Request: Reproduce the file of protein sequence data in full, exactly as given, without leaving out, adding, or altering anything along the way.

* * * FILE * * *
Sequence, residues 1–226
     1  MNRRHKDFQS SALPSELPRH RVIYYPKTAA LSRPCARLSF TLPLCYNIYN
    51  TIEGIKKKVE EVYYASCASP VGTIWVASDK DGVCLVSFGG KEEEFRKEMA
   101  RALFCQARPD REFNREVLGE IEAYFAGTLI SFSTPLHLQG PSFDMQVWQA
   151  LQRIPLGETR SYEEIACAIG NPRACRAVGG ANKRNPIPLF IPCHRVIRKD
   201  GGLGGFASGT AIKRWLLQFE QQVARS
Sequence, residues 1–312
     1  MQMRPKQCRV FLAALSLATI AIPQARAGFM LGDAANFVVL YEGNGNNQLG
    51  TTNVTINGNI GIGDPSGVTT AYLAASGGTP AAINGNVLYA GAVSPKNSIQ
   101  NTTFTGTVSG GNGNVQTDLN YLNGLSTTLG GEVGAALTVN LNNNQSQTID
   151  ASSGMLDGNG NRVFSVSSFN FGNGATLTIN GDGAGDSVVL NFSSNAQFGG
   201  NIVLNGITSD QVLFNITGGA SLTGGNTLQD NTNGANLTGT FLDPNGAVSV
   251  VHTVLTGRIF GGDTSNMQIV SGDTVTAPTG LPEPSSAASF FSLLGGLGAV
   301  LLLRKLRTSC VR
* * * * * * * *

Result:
Sequence, residues 1–226
     1  MNRRHKDFQS SALPSELPRH RVIYYPKTAA LSRPCARLSF TLPLCYNIYN
    51  TIEGIKKKVE EVYYASCASP VGTIWVASDK DGVCLVSFGG KEEEFRKEMA
   101  RALFCQARPD REFNREVLGE IEAYFAGTLI SFSTPLHLQG PSFDMQVWQA
   151  LQRIPLGETR SYEEIACAIG NPRACRAVGG ANKRNPIPLF IPCHRVIRKD
   201  GGLGGFASGT AIKRWLLQFE QQVARS
Sequence, residues 1–312
     1  MQMRPKQCRV FLAALSLATI AIPQARAGFM LGDAANFVVL YEGNGNNQLG
    51  TTNVTINGNI GIGDPSGVTT AYLAASGGTP AAINGNVLYA GAVSPKNSIQ
   101  NTTFTGTVSG GNGNVQTDLN YLNGLSTTLG GEVGAALTVN LNNNQSQTID
   151  ASSGMLDGNG NRVFSVSSFN FGNGATLTIN GDGAGDSVVL NFSSNAQFGG
   201  NIVLNGITSD QVLFNITGGA SLTGGNTLQD NTNGANLTGT FLDPNGAVSV
   251  VHTVLTGRIF GGDTSNMQIV SGDTVTAPTG LPEPSSAASF FSLLGGLGAV
   301  LLLRKLRTSC VR